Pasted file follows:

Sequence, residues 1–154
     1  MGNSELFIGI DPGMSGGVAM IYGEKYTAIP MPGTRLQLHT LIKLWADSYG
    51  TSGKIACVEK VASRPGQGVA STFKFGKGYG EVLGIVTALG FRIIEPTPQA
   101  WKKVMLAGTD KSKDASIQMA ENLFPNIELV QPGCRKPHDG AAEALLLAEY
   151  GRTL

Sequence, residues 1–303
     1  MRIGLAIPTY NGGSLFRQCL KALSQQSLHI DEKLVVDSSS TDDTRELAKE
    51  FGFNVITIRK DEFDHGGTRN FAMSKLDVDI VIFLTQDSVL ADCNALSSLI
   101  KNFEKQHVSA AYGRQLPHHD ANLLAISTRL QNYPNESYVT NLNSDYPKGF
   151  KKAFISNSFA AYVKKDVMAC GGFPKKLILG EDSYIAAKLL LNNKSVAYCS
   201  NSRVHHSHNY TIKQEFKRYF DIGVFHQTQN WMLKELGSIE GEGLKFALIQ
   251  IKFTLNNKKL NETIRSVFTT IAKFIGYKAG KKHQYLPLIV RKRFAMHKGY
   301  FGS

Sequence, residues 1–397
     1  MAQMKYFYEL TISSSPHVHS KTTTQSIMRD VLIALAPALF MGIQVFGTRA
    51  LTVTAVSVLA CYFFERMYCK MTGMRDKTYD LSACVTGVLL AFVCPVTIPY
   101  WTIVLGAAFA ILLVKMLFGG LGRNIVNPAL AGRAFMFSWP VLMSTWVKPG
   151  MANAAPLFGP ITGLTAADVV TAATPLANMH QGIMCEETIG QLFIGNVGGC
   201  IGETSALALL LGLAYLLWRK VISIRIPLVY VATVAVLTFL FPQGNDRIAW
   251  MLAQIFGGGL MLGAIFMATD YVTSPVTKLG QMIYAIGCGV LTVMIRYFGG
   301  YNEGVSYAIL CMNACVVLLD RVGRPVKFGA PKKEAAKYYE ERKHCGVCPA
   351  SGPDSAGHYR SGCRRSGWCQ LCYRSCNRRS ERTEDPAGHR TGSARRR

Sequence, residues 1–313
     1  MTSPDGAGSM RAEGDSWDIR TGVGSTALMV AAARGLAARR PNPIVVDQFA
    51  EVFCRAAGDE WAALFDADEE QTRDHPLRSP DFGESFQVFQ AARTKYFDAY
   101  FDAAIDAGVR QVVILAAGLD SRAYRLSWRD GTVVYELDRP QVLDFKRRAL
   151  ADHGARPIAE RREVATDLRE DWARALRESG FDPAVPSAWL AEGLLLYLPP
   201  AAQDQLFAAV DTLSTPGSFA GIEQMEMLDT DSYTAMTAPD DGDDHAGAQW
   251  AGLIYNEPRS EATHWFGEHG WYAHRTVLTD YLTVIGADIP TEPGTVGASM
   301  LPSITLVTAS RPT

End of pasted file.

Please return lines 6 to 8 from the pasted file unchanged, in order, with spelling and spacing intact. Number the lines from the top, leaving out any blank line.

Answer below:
Sequence, residues 1–303
     1  MRIGLAIPTY NGGSLFRQCL KALSQQSLHI DEKLVVDSSS TDDTRELAKE
    51  FGFNVITIRK DEFDHGGTRN FAMSKLDVDI VIFLTQDSVL ADCNALSSLI